Dragon Sword

A blind swordswoman in China seeks revenge on the cunning and deadly Manchu general who killed her parents.

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49. the bamboo flute

 

The bamboo flute seems to chill every human being in Kut Habba's Great Hall. She finishes. She lowers the flute. Silence. Silence. Then, strangely, in small ethereal gestures, Blind Zu dances. Her eyes are shut. It is as if she might weep. Some people watching do weep. There are sniffles. Shoulders vibrate. The torches sputter.

With her flute Blind Zu has told a story of grief, ghosts, anguish, revenge, plotting, and total disillusion. She has mapped the sordid regions of China. She has shown dragons falling from the sky and stars exploding and midwives wrapping up the bloody corpses of stillborn children.

All. Everything at once. Even lightness and joy appeared; to vanish just as quickly.

General Khang's dark brows draw together, as Zu dances.

He sees her. He sees the little girl. Sees the Buddhist pilgrim nun who tried to cut off his head on the mountain road. Sees the Sanskrit letter "A." His lips draw back from his teeth.

Khang remembers. He remembers raping the beautiful woman in red silks after carrying her off over his saddle. Zu is the very picture of this woman, pale and lithe but blind. Yes. Yes.

Zu's dance finishes. She stands very still. Then she turns and walks slowly -- strides, as if in a dream -- back to her cushion.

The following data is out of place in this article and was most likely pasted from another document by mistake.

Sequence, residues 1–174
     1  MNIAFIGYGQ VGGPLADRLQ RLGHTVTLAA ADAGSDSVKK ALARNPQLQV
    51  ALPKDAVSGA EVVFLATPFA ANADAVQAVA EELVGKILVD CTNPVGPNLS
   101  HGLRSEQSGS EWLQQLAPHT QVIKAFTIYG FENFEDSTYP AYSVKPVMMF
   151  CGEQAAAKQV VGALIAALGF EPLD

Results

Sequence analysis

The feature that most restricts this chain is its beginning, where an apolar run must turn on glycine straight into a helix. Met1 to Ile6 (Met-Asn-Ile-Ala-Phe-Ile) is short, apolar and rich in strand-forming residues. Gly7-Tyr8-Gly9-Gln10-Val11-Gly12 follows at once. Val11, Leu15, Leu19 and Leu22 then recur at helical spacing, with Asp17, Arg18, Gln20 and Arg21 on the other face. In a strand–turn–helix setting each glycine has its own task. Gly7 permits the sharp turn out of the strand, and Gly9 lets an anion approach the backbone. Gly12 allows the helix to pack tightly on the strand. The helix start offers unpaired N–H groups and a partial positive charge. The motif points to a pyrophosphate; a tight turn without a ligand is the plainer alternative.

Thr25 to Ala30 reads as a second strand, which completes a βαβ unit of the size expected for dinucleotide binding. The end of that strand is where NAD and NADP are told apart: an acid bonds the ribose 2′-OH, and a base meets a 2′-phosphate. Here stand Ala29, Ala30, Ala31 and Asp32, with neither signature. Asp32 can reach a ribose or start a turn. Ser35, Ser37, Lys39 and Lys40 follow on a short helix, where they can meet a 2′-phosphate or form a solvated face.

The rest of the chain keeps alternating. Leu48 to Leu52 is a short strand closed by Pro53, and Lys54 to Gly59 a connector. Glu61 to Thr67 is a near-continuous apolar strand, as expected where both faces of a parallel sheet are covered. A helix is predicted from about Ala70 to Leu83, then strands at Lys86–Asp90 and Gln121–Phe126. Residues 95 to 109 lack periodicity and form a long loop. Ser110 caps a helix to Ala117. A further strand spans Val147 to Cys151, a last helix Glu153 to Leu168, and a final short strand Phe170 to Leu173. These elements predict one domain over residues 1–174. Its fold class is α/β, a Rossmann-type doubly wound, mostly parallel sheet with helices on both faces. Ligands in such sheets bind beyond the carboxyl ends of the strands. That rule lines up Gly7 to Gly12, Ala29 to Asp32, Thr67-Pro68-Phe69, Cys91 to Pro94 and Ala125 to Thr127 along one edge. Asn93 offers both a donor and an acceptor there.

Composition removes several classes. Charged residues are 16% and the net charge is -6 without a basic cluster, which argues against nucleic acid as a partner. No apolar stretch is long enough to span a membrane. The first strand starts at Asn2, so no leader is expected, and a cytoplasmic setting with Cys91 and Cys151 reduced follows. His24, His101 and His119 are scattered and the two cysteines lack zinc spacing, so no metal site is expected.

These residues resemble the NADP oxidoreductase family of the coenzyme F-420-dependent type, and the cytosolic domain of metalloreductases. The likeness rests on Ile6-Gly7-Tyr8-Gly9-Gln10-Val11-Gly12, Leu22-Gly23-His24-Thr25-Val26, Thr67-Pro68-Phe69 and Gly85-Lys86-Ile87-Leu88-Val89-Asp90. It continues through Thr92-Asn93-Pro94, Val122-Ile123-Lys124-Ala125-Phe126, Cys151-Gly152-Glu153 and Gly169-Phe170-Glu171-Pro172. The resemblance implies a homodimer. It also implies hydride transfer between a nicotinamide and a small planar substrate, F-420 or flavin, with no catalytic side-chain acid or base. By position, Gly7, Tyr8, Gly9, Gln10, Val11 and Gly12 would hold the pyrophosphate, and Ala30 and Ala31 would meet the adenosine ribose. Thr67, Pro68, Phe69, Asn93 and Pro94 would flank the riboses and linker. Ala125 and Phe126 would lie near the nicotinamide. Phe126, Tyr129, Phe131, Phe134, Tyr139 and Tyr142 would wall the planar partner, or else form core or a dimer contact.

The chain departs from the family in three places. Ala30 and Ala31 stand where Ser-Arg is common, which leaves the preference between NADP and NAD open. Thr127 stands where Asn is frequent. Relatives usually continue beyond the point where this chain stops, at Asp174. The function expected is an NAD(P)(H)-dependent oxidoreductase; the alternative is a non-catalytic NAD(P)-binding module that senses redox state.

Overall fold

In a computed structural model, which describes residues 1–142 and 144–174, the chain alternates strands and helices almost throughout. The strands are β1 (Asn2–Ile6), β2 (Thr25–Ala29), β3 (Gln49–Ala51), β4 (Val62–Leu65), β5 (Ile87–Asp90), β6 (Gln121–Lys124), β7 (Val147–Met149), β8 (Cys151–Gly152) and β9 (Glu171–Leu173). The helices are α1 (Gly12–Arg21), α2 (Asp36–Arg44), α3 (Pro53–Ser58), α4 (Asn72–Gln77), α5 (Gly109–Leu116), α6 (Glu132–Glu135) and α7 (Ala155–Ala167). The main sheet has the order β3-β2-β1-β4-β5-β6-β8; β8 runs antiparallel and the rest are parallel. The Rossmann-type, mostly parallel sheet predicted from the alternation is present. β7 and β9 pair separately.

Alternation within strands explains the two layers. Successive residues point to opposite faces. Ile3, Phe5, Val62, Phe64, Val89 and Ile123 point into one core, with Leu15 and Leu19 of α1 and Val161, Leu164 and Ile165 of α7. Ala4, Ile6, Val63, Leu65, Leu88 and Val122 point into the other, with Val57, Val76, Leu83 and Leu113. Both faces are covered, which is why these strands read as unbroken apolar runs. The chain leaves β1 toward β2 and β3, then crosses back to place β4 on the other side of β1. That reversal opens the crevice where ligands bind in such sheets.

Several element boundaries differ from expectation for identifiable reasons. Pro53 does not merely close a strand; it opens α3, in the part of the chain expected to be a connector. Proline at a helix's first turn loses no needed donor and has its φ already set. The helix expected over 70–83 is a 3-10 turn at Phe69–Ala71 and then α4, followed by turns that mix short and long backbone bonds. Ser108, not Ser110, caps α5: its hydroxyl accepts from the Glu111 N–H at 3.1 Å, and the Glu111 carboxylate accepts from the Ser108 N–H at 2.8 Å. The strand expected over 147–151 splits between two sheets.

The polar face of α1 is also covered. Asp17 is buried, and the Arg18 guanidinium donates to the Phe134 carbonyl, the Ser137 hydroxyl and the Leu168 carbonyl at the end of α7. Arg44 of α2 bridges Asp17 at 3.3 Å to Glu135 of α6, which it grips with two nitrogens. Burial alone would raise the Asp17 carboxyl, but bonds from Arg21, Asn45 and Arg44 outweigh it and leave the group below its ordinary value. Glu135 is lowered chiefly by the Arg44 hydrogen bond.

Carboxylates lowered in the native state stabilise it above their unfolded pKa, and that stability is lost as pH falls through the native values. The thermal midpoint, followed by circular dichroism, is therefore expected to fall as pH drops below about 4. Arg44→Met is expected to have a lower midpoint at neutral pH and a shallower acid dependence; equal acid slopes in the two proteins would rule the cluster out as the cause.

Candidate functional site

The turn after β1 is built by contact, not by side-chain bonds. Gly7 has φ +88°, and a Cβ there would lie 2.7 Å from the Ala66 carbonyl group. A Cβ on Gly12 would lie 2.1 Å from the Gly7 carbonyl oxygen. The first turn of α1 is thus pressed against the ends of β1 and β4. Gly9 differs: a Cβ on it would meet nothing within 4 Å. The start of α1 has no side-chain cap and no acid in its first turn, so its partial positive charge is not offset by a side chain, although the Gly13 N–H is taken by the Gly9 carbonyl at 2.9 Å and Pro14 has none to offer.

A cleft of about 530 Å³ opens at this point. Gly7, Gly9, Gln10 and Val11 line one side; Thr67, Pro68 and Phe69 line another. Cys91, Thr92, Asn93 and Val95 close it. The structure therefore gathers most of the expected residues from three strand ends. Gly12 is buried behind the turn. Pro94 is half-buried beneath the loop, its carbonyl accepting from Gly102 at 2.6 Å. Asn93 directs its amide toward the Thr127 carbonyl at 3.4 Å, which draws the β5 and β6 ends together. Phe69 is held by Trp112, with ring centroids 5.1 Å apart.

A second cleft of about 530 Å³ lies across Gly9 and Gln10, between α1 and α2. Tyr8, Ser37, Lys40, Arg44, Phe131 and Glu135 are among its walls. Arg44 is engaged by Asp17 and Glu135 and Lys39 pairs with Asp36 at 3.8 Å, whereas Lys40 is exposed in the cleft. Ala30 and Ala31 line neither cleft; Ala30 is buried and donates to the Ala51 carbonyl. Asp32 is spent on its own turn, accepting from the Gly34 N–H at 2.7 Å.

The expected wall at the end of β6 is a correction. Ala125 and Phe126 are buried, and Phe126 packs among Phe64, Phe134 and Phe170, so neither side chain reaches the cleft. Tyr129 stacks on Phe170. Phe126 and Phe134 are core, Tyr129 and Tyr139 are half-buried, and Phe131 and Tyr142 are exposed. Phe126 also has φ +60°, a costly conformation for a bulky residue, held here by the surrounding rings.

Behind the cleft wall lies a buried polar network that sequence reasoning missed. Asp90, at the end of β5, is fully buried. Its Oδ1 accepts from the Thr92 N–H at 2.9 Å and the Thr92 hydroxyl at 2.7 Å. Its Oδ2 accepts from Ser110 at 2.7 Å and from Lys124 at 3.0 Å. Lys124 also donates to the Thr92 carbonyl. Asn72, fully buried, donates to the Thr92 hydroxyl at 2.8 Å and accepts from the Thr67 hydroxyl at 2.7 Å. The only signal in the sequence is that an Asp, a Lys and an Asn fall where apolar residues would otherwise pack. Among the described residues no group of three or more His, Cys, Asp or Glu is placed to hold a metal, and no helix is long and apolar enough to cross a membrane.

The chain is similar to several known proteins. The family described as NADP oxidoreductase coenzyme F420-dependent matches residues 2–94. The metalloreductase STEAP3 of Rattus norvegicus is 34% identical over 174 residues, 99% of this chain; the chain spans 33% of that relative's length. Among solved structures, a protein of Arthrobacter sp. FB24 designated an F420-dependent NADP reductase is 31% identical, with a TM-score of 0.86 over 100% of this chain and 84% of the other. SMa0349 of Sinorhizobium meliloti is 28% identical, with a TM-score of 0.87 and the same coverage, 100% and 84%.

Silence so shattering it might be the silence before the birth of the universe.

Guttering torches. Then a few small sobs. Thieves are sentimental. Kut Habba wipes his eyes with a silk cloth. A clap. Scattered clapping. Then a roar of clapping. Zu bows her head. A tear runs from one of her sightless eyes. It runs down her nose and falls to the floor.

The Wolf Girl is sitting still with her eyes shut but all the hairs on her body are raised and she is trembling.

And now Zu seizes her bamboo stick, rips it open, and leaps -- soaring like a lightning bolt -- at the dais.

Straight at General Khang.

Shrieking KAI!

To cut the man in half before he can blink.

In the air, she shatters the samurai's thrown sake cup with the bamboo sheath of the sword she holds in the other hand.

As her feet touch down, only a few paces from General Khang, she strikes aside a blow from the Witch Warrior's short sword, sparks bursting from the contact of steel on steel. With the hollow length of bamboo in her left hand, she hits the Witch Warrior on the forehead. Crack!

As she thrusts at General Khang, he takes hold of her blade.

He hits her with the other fist.

Square in the chest.

Zu falls.

General Khang tosses away the Dragon Sword, clanking.

He looks at his hand. It's cut. Blood is falling from it.

The Mongolian leaps astride Zu and takes her head by the hair.

He bounces her head on the paving stones. Bang. Bang.

The Witch Warrior leaps up, groggy. Blood is pouring down her face.

The Samurai has whipped out his katana and he holds it two handed, at ready.

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